Massage / Dry Needling
Massage is the practice of soft tissue manipulation with functional, physiological and psychological purposes. Massage involves acting on and manipulating the body with pressure – structured, unstructured, stationary, or moving – tension, motion, or vibration, done manually or with mechanical aids. Target tissues may include muscles, tendons, ligaments, skin, joints, or other connective tissue, as well as lymphatic vessels, or organs of the gastrointestinal system. Massage can be applied with the hands, fingers, elbows, forearm, and feet. In professional settings massage involves the client being treated while lying on a massage table.
Massage can be beneficial before or after an athletic event and can help alleviate pain by lowering overall stress levels. This is achieved by releasing feel good endorphins , increasing blood flow and releasing muscle tension which will aid & lead to a better recovery .
Massage can also lead to better sleep, loosen tight muscles, increase motion & flexibility and improve circulation of blood & lymph fluids around the body which enhances the actions of the immune system.
Reflexology is an alternative practice involving the application of pressure to specific points on feet & hands , this is done using thumb and finger acupressure points. Reflexology can help to clear any channels of blocked energy.
Reflexology has been known to:
- Boost your immune system
- Help Boost Fertility
- Help Sinus Issues
- Improves Digestion
- Helps with recovery from illnesses
- Helps with relaxation
Dry Needling is a Physiotherapy therapeutic technique used to release myofascial trigger points within a muscle, which are a common source of pain and dysfunction. The treatment uses filament needles to release the trigger points or ‘knots’ within the muscle which can be a source of pain both locally and referred.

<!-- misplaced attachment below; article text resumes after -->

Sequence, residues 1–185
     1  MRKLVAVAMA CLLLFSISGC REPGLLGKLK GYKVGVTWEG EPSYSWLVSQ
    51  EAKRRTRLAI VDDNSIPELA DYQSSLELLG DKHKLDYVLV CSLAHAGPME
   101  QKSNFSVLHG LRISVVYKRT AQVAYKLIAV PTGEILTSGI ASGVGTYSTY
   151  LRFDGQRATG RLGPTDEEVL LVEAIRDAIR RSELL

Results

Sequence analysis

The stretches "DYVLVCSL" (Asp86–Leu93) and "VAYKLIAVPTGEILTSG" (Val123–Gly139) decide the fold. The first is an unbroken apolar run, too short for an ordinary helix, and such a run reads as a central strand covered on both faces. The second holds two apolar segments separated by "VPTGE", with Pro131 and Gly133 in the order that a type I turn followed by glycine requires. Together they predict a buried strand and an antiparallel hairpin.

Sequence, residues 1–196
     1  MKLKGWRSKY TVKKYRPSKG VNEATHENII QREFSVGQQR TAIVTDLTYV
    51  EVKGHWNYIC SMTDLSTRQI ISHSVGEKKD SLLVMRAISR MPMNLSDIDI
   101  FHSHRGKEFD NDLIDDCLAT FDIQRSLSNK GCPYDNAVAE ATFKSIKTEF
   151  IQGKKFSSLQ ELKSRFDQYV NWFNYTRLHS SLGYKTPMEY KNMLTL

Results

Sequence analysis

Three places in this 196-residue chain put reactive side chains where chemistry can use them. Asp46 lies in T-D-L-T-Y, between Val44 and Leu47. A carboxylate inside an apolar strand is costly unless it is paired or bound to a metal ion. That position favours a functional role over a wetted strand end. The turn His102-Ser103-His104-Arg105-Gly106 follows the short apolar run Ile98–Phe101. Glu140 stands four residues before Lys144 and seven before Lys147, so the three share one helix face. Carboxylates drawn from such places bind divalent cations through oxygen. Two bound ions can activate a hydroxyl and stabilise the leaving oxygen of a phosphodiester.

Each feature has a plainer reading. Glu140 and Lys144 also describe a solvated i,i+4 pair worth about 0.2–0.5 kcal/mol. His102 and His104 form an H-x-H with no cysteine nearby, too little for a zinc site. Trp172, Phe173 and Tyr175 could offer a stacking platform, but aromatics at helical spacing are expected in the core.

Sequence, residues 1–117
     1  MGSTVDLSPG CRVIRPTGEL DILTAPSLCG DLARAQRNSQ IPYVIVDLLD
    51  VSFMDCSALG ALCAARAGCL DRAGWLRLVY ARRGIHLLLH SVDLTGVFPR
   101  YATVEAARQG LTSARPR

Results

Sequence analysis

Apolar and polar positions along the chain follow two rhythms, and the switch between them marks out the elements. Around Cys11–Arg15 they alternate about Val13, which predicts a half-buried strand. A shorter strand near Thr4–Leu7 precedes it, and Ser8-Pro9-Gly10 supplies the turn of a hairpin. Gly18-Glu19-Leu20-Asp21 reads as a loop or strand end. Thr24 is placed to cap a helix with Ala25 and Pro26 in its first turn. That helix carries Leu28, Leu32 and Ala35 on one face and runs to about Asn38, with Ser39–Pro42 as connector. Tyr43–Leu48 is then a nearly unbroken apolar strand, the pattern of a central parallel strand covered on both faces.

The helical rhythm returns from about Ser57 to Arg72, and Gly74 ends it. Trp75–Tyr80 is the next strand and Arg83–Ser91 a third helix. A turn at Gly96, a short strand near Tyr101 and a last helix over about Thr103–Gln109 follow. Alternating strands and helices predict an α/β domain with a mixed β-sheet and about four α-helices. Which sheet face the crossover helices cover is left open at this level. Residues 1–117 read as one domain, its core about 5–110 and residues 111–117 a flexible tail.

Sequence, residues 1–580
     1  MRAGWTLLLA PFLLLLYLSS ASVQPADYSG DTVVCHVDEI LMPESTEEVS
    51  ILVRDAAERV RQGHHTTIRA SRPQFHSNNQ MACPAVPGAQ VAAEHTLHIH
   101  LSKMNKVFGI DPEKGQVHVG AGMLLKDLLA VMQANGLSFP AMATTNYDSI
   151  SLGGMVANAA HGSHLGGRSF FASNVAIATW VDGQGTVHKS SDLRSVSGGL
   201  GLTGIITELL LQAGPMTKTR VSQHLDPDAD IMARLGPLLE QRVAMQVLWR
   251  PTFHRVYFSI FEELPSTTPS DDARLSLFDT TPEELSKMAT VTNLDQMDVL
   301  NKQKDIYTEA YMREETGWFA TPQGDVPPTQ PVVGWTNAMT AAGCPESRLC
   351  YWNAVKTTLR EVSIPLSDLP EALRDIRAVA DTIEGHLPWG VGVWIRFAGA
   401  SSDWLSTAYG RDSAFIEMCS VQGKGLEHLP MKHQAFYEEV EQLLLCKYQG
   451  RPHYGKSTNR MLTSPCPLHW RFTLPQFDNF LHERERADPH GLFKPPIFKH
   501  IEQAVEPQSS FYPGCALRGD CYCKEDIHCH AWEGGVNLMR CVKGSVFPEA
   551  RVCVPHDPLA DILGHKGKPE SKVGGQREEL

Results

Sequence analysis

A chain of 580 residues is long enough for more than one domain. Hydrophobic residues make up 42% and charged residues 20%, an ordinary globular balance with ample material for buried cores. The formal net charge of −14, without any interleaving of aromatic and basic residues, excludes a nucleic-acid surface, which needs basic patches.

Dry needling is performed by gently inserting a needle directly into the skin in the area where a myofascial trigger point has been identified. Often a local twitch response is experienced once the trigger point has been stimulated, jump starting the nerve supply and blood supply to the area, which helps relax the muscle. When you experience the localized twitch a brief painful response might be felt, but this will not last more than one second.
Dry needling is very safe and there is very little risk when performed properly. You may sometimes feel slight pain for a short while after Dry Needling and some patients may have a little bruising around the needle site. However, like with all treatments, there are certain conditions where Dry Needling in contra-indicated. Your Physiotherapist will discuss this with you on the day.
Following a full assessment your Physiotherapist will identify biomechanical issues that may cause muscle overload. For example; tightness in the neck and shoulders, particularly within upper trapezius muscle from extended periods working at a computer. Your Physiotherapist will help you address this issue, usually with manual therapy, an exercise program, postural education, or whatever treatment may be best suited to you. However, Dry Needling can be used to release the overloaded muscles for pain relief and immediate increased in range of motion when identified as suitable by the Physiotherapist.